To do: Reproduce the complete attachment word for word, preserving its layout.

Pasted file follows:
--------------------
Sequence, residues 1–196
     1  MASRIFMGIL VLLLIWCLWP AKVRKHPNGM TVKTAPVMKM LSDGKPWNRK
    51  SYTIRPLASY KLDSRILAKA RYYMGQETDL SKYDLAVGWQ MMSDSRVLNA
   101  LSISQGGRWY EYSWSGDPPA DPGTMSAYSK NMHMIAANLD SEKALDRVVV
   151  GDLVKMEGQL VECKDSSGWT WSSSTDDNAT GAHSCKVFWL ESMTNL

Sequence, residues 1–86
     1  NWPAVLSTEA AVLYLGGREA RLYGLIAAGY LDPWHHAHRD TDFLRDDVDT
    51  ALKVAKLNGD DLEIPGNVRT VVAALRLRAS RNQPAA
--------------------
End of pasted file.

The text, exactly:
Sequence, residues 1–196
     1  MASRIFMGIL VLLLIWCLWP AKVRKHPNGM TVKTAPVMKM LSDGKPWNRK
    51  SYTIRPLASY KLDSRILAKA RYYMGQETDL SKYDLAVGWQ MMSDSRVLNA
   101  LSISQGGRWY EYSWSGDPPA DPGTMSAYSK NMHMIAANLD SEKALDRVVV
   151  GDLVKMEGQL VECKDSSGWT WSSSTDDNAT GAHSCKVFWL ESMTNL

Sequence, residues 1–86
     1  NWPAVLSTEA AVLYLGGREA RLYGLIAAGY LDPWHHAHRD TDFLRDDVDT
    51  ALKVAKLNGD DLEIPGNVRT VVAALRLRAS RNQPAA